In the film, architect Vittorio Garatti talked about the fact that though the buildings are in need of repair, there’s still something attractive about the imperfect beauty. Is there beauty in ruins?
Imagine that you would see in your own lifetime one of your buildings be ruined, not in a natural disaster of some kind, but actually by time and nature, consumed as if it were a Piranasian landscape. There’s an aesthetic of the ruin; it tells us something about human nature and about the way that all of our work has an expiration date of some kind, even architecture, which we feel is so solid and permanent and heavy and lasting—it too is something that will pass. I think that they [the architects] see the metaphor, how these buildings also stand for their own lives and for all of human structures—physical structures or political structures or social structures.
What is there to learn from these buildings in their unfinished, somewhat decaying form?
Architects today can really expand their role, the way they see themselves in society. When we are designing physical spaces, we’re also making statements about how our lives are organized. A building in some sense is frozen; it’s going to look the same, but it can also leave room for the marks of change that will happen, whether from the climate or from the users or from the changing program inside the building. Some architects do it with materiality, with a material that’s going to show wear. And I think that the brick in the National Arts Schools does that, but some people do it with technology. It’s more about the approach and the thought and the idea behind the building.
What did you see of the surrounding architecture when you were filming in Cuba?
The colonial architecture in old Havana is attended to fairly well. Old Havana is a UNESCO World Heritage site since 1981, so they’ve been restoring old buildings in old Havana, mostly colonial architecture. But there’s also amazing modern architecture in Cuba. There are Art Déco buildings, Art Nouveau buildings, International Style, buildings by Breuer, and amazing modern buildings that have been been maintained over the years, because a lot of them were given to ambassadors or high officials. But otherwise, you see architecture that’s suffering because of a lack of funding for maintenance and because of the climate. Frequently, buildings just fall down in old Havana and in central Havana.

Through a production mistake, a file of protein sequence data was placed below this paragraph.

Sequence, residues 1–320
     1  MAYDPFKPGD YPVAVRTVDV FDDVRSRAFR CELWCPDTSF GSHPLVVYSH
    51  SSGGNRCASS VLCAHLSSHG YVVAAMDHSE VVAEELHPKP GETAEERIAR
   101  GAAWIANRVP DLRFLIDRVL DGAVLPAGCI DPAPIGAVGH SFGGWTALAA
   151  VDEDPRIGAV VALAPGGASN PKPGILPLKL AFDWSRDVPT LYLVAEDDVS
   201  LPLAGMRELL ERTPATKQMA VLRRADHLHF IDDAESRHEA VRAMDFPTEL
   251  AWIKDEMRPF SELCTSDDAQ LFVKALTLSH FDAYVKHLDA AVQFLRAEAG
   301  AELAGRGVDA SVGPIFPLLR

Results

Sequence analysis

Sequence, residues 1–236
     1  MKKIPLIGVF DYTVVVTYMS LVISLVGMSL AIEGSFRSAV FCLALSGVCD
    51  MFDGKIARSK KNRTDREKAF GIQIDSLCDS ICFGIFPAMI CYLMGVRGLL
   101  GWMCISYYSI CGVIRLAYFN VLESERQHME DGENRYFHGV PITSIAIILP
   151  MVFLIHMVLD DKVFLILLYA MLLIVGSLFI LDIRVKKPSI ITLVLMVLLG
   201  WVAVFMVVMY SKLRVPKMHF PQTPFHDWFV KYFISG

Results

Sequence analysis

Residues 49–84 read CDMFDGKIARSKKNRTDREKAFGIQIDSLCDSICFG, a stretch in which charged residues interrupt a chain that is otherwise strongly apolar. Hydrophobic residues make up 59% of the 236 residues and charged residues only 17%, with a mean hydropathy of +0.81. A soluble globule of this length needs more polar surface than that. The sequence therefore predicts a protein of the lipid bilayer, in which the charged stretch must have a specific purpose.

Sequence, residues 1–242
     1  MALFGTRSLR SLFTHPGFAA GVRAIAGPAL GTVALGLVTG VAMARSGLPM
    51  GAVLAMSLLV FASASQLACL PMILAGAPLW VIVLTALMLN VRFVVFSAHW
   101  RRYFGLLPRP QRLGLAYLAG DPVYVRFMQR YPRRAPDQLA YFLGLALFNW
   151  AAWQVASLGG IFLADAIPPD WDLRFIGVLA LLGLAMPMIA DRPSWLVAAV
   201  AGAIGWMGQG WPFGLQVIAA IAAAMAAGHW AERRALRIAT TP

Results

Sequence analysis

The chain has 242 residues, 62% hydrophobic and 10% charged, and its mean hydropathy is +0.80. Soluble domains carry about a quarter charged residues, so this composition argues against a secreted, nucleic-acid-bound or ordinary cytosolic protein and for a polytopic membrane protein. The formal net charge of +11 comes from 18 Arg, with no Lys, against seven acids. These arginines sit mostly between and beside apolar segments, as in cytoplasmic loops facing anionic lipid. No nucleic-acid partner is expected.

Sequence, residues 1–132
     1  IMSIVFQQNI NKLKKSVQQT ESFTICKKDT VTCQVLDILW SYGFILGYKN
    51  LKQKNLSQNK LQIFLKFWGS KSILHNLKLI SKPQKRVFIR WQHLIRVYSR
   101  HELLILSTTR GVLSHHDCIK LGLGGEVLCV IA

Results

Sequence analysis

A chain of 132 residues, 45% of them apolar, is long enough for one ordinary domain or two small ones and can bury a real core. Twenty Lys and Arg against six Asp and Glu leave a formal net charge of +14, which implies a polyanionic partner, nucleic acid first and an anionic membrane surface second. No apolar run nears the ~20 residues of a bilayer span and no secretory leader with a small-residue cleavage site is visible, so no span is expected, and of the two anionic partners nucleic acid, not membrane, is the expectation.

These were the first buildings to be put on the World Monuments Fund’s watch list while the building architects were still alive. What does it mean for the three architects to have the hope of completion in their lifetime, and then to see the restoration stopped again?
Earlier this year, the answer I would have given you was yes, the restoration has completely stopped; they’re feeling frustrated, they’re feeling hopeful, but not necessarily optimistic that the work would be completed in their lifetimes. They’re all about 90 years old. But Vittorio Garatti has been trying to raise money to finish his schools. He has completed the drawings pro bono and set up a nonprofit foundation, Comitato Vittorio Garatti, in Italy to try to raise enough money to restore and protect his buildings at least from the elements. And Roberto Gottardi in Cuba continues to work on the plans to restore his School of the Dramatic Arts. Ricardo Porro’s building is complete, so he’s content in that way.
But the recent twist is that in the past few weeks, it’s come to our attention that a Cuban exiled ballet dancer named Carlos Acosta has partnered with the Ministry of Culture in Cuba. He wants to restore the ballet school by Garatti and create a private foundation. Vittorio had met with him once, but after that, it’s been reported that Acosta has hired Norman Foster’s office to do some kind of analysis. There seems to be concern that Garatti would not be consulted or involved with this project that Acosta is doing. For me, I hope for the best. It could be a really exciting possibility if Acosta with the funding, and if the firm with the resources and knowhow to help with this incredible site in Cuba are able to collaborate.
Watch Unfinished Spaces on PBS on Oct. 12 at 10 p.m. (double check local listings), and check unfinishedspaces.com for screenings coming to your city this fall.
This story has been updated to add that John Loomis's book on the history of the schools is called Revolution of Forms: Cuba's Forgotten Art Schools (Princeton Architectural Press, 1999).